THE BEST THAT MONEY COULD BUY
I was born in 1912, and your readers might be interested and surprised at some of the changes that have taken place since then. Until I was 11, we lived in a Cheshire village. It had a butcher’s shop, a combined grocer’s, confectioner’s and general store – and boasted three pubs. It also had six farms. There is not one farm left now. Nobody owned a car, and there was no bus service. We were great walkers. My father, who had to go to meetings in another parish, walked six miles there and back and thought nothing of it! I went to the local church school – one master and one mistress – and they taught the three ‘R’s’ only. We played football on the steeply-sloping village green with a pig’s bladder for a ball and orange boxes for goalposts, which doubled up for wickets in the cricket season.
When I went away to boarding school at the age of 11, armed with only my three ‘R’s’ in my first term, I finished bottom of the class in the lowest form of the school. The masters worked hard, though, to put some knowledge into the head of this country bumpkin and in the end I gained honours in the School Certificate and matriculated to university.
The school fees were £45 per term (including board), which my father paid out of his annual income of £800. There were no grants in those days and few scholarships (and I wasn’t bright enough to get one anyway). Later, he paid for me to go to the University of Liverpool, and later still paid £300 for me to enter into Articles with a Chartered Accountant. I worked for three years without pay, but got £5 at Christmas. When I qualified as a Chartered Accountant with a degree, my salary was just£ 140.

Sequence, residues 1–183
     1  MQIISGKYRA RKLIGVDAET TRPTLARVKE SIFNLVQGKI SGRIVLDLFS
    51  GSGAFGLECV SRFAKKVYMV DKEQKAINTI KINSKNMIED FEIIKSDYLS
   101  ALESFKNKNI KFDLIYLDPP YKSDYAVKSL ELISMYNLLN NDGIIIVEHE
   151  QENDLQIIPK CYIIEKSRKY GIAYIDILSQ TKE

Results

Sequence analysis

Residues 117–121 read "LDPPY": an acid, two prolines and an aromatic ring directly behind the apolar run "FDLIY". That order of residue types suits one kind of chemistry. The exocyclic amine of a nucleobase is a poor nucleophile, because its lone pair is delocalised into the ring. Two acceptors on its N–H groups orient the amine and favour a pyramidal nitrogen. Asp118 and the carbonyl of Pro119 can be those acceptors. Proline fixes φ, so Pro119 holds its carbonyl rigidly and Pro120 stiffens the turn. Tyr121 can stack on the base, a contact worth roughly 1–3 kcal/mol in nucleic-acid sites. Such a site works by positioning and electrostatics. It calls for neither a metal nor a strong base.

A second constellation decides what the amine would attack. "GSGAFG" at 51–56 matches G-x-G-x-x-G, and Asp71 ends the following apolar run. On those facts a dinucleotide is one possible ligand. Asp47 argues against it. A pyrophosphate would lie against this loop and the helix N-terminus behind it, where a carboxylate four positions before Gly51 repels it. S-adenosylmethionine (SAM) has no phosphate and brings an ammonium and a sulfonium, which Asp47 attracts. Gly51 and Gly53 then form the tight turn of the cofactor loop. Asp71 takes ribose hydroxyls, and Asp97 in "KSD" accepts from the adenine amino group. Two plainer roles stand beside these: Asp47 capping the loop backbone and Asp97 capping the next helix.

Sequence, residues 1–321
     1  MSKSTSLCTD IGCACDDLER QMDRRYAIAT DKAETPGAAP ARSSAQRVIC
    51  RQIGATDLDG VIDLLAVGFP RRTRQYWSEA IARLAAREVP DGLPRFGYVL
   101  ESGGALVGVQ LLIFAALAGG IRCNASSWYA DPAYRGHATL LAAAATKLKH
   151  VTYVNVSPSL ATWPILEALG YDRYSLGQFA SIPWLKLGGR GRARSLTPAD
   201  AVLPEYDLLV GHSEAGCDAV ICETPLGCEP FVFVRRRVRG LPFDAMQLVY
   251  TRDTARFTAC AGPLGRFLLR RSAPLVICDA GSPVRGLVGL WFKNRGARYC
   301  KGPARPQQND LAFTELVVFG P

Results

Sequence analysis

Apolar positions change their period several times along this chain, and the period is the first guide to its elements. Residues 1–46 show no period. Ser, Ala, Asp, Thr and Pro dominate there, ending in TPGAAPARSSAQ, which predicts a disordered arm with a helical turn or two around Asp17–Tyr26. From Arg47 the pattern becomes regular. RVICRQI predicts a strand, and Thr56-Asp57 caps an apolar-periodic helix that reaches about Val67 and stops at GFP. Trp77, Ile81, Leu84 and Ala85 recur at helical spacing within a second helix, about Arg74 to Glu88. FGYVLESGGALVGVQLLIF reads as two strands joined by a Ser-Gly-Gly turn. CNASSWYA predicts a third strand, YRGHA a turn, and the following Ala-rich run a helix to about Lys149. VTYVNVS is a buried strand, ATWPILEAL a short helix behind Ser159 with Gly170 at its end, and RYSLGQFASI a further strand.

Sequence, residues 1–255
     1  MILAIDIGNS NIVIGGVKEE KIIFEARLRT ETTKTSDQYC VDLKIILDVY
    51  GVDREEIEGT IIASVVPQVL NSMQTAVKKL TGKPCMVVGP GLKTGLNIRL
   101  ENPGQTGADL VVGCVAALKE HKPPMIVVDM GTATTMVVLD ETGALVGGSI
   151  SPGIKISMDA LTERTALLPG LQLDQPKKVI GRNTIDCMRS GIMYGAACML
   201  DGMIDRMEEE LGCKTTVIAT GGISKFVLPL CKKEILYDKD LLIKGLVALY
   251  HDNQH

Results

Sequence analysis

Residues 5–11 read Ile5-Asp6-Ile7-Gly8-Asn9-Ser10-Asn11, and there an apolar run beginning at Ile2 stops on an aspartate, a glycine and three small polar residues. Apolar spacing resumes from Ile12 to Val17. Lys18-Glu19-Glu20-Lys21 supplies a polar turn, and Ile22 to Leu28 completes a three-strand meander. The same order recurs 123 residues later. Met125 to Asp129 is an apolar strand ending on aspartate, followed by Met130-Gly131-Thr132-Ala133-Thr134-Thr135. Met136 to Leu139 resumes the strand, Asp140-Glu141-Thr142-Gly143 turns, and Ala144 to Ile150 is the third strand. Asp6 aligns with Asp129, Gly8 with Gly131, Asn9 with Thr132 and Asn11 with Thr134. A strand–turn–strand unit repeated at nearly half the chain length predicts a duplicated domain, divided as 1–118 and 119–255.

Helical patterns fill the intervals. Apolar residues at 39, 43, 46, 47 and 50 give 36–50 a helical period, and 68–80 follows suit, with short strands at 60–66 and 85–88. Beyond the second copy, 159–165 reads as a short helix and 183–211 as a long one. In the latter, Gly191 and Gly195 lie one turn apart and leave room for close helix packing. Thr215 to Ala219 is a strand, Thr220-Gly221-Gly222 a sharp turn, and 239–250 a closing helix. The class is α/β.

In my formative years we lived in what had been a farmhouse with stone floors in the kitchen, the dairy and the cellars where hams were cured hanging from the ceiling. There was a separate wash house across the small yard with ‘coppers’ beneath which
fires were lit on washdays to heat the water. Scrubbing boards, three-pegged dolly sucks and the mangle were all part of the washday equipment. Ironing was an art, usually done after washing day. The irons were heated in front of the kitchen fire or in one of the ovens. There were goffering and other fancy irons as well as the general flat iron (often used as doorstops nowadays).
My brother and I spent hours exploring the farm buildings. A small hut in the paddock opposite the back door intrigued us because we couldn’t see through the window, and the door was jammed shut because the hinges had rusted solid. When eventually we managed to get in we were staggered to find a two-seater earth closet! We imagined the farmer and his wife after a breakfast of home-cured bacon and eggs retiring to the hut then planning the work for the day while waidng for the spirit to move them!
The old farm machinery was a never-ending source of interest – and danger! There were hay cutters, swede and turnip circular cutters (for the preparation of catde food) and a ghasdy implement called a ‘man trap’ with three-inch teeth which could sever, or at least slice a man’s leg – and,
of course, pitchforks, scythes and sickles. My parents didn’t seem to know how dangerous some of the implements were, or didn’t realise we were playing among them.
I enjoyed my country upbringing, and have never regretted the lack of money. We didn’t need expensive toys, for we had spinning tops, skipping ropes and iron hoops to trundle about; there were conkers for the gathering; we could look for birds’ nests; we collected caterpillars and fed them on netdes and other plants until they turned into chrysales and later into red admiral, peacock and tortoiseshell butterflies; there were blackberries and mushrooms to pick, chickens to feed and eggs to be collected. More than once I had to crawl into the hen house through the hen hatch because I’d left the keys inside and locked the door on the way out.
One last memory is of my mother telling my brother and me: “Dad and I won’t be leaving you much money when we die as we’ve spent it on your educaUon, and that’s something that no Chancellor of the Exchequer will be able to take away from you.”
How right she was!
A. W. Bankes